In his speech on Wednesday, Mr Duterte said village leaders – elected officials who sit at the lowest level of local government in urban and rural areas – should force people who will not be vaccinated to stay at home and that , if asked, they might answer that they were acting on “the mayor’s orders”, a reference to the strongman approach he used when he was long-time mayor of the southern city of Davao .
Edre Olalia, secretary general of the National Union of People’s Advocates in the Philippines, said the president’s order was unconstitutional and dangerous, and “reflects his militaristic mindset.” While there is some hesitation about vaccines in the Philippines, especially after a dengue vaccination campaign in 2017 resulted in dozens of deaths, Mr Olalia said demand for the vaccines exceeded a supply that is hampered by distribution bottlenecks and erratic delivery.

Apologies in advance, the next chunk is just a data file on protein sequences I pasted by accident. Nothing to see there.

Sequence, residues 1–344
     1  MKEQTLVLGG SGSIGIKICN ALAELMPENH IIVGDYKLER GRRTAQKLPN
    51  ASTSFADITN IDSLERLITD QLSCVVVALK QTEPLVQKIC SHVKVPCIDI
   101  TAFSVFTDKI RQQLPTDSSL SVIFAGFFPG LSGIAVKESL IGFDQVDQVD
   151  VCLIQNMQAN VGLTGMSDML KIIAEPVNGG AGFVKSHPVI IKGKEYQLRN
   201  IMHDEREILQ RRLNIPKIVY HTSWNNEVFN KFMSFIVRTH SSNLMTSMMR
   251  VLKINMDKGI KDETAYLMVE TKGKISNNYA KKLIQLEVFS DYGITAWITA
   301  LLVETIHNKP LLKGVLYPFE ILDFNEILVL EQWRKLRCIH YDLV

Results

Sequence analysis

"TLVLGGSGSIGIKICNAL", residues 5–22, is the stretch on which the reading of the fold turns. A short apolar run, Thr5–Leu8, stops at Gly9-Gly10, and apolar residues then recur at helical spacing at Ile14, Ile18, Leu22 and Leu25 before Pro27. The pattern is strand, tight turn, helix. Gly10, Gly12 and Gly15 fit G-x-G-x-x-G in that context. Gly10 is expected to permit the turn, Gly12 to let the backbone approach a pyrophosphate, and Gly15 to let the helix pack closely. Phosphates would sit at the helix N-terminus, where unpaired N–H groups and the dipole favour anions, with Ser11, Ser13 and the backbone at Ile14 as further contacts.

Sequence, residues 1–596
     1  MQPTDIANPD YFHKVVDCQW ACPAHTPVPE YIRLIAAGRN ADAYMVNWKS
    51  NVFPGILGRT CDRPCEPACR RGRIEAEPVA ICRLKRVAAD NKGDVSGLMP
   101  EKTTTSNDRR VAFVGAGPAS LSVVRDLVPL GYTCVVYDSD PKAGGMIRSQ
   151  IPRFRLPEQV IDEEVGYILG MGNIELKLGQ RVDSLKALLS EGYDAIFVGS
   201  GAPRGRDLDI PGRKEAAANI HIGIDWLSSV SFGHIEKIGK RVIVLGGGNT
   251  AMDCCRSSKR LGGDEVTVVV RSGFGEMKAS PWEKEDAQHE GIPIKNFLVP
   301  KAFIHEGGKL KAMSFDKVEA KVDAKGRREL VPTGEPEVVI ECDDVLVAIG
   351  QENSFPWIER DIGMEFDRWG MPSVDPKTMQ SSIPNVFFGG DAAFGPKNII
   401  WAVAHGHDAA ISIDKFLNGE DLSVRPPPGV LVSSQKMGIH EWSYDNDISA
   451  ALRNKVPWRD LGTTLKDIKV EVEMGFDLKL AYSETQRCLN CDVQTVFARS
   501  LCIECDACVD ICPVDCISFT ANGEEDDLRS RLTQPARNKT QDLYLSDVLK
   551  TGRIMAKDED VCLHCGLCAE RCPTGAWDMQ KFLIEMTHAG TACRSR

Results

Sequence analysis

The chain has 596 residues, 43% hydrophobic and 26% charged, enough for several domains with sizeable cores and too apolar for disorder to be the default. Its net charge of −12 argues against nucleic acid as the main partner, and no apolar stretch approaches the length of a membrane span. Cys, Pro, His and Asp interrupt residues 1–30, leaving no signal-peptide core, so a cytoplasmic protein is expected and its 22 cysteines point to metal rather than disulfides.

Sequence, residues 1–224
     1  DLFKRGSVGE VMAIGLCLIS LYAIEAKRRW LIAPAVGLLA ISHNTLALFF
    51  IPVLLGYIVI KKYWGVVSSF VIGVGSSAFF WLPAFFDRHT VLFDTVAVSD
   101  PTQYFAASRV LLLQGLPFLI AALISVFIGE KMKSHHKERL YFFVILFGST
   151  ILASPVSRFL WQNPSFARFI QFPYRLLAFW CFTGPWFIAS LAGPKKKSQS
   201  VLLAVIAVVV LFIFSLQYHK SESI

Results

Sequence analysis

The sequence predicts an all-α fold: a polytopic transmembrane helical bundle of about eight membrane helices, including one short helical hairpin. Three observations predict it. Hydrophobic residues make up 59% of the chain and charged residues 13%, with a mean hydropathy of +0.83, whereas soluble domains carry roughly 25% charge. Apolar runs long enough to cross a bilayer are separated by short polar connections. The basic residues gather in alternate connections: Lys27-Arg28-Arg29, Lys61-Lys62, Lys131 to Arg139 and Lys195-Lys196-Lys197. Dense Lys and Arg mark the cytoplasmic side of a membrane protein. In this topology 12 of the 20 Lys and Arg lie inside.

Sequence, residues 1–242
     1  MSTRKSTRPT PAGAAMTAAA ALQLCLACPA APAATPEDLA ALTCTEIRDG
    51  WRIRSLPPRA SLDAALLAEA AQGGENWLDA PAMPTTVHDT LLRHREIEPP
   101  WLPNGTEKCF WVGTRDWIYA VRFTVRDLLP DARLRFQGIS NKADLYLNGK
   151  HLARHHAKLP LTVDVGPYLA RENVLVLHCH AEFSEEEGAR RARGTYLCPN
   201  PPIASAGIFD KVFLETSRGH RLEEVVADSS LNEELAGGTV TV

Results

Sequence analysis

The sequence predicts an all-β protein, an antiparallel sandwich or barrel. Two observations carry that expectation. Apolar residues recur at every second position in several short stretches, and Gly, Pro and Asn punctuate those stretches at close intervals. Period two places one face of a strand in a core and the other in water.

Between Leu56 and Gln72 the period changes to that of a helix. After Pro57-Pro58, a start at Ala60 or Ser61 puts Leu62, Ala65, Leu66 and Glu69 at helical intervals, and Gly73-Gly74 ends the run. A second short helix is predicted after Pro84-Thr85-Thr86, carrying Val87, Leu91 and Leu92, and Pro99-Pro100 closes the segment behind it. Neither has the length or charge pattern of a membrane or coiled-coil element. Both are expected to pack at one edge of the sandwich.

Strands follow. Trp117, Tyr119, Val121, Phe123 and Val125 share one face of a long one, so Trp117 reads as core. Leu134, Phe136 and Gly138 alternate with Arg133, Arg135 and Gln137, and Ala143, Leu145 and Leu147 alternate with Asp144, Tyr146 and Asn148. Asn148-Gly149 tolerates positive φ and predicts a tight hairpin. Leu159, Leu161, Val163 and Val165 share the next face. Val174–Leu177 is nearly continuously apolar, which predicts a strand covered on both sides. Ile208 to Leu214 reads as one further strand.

“There are actually a lot of people who want to get vaccinated but are just waiting to be called in by the government,” Olalia said. “The point is, is the vaccine rollout enough? For the record, no. There were long lines.
Less than 6% of the Philippines’ 108 million people have been fully immunized, according to a New York Times tracker. The country has recorded the second highest number of coronavirus cases in Southeast Asia, after Indonesia, and has reported dozens of cases of the Delta variant since May, when the country’s first Delta cases were found in two workers returning from abroad.